The best books on making reality

Harry Collins Author Of Gravity's Kiss: The Detection of Gravitational Waves
By Harry Collins

The Books I Picked & Why

Labyrinths

By Jorge Luis Borges

Labyrinths

Why this book?

This is fiction by the famous South American writer. It is a collection of short stories playing around with our notions of reality. It is good to read but also an introduction to the problem of what we think of as real.  In order to understand the problem and get somewhere with it, you have to detach the mind from everyday reality so as to make yourself puzzled about how that reality exists. Borges is an entertaining way of getting away from the everyday.


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Fact, Fiction, and Forecast

By Nelson Goodman

Fact, Fiction, and Forecast

Why this book?

The philosophical key to getting yourself estranged from the everyday is the famous ‘problem of induction’, which goes back to the philosopher David Hume, and asks why we expect things to carry on in the same way: might my garden be a fiery pit next time I open the front door? 

Nelson Goodman invented a new version of the problem – ‘the new riddle of induction’. This book might come across as a bit technical, but the general drift of the new riddle is that every bit of evidence and experience we have for the grass being green is also a bit of evidence and experience for it being ‘grue’ – roughly ‘green every time I’ve seen it but blue tomorrow;’ think about it!  You can extend this argument as much as you like, and Goodman takes us through the counterpart colour ‘bleen’. Goodman thinks our expectations of stability are based in our language and it is, indeed, hard to see why it should be that we live in a blue-green world rather than a grue-bleen world – after all, we live in a world in which our expectations are formed by words like ‘deciduous and mortal’ – those are my examples.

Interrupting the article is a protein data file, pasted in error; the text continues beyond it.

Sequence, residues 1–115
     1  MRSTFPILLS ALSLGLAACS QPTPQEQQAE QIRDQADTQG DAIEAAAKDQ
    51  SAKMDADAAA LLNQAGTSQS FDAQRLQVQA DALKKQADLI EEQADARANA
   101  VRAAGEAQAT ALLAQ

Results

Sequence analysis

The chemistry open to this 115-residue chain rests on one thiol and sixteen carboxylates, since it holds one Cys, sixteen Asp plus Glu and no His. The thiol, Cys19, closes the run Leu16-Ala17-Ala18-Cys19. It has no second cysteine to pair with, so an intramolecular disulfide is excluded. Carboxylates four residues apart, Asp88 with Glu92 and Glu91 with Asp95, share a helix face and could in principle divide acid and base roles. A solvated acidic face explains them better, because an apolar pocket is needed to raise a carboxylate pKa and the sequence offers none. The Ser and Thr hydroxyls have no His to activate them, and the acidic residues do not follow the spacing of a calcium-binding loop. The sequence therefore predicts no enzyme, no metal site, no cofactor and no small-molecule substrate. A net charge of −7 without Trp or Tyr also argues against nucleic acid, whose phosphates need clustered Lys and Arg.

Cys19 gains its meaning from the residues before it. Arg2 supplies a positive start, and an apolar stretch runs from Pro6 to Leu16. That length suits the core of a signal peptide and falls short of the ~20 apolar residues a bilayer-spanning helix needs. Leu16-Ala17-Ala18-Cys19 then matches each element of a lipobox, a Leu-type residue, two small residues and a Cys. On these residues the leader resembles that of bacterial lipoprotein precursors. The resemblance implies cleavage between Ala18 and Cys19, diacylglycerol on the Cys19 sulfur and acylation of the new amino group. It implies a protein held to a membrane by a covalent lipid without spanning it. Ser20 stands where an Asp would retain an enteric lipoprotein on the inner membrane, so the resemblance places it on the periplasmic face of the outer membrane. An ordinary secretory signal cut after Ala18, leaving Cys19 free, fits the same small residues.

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The Structure of Scientific Revolutions

By Thomas S. Kuhn

The Structure of Scientific Revolutions

Why this book?

Said to be the best-selling academic book of the Twentieth Century, this is a bit more technical in so far as it deals with the history of science. Kuhn introduced the idea that science isn’t just a collection of facts but undergoes periods of radical cultural change – the most well-known example is the switch from Newton’s to Einstein’s view of the physical world. Kuhn said these ‘paradigm shifts’ involve ‘incommensurability’ – you cannot experience both ways of seeing the world at once and they cannot be translated into one another. It is an enormously influential idea.


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Ludwig Wittgenstein: The Duty of Genius

By Ray Monk

Ludwig Wittgenstein: The Duty of Genius

Why this book?

Wittgenstein is the key philosopher of how what we do and what we think combine to give us a view of the world and a set of things we take for granted – our ‘form of life’.  It is almost impossibly hard to read his book, Philosophical Investigations and, in any case, philosophers disagree about what it means.  But Monk entertainingly and interestingly explains his ideas through his biography: he makes Wittgenstein’s later philosophy readily comprehensible. 


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Alan Turing: The Enigma

By Andrew Hodges

Alan Turing: The Enigma

Why this book?

I knew Ray Monk and when I told him I thought his book was much like Andrew Hodges’ account of Turing, he was delighted because he said it was his inspiration. Turing is not dealing with humans, you might say, but in dealing with attempts to mimic humans he is exploring what humans are.

Here his famous ‘Turing Test’ for intelligence is described. It was inspired by a parlour game in which men pretended to be women and vice versa; Hodges suggests this interest arose out of Turing’s homosexuality and that is how he came to invent the Turing Test. The deep point is that Turing is really looking at different cultures in imitation games and whether someone from one can pretend to be someone from another – see how it goes back to Kuhn? And see how Goodman, Kuhn, and Wittgenstein are really all about cultures – and so are the big problems of artificial intelligence.


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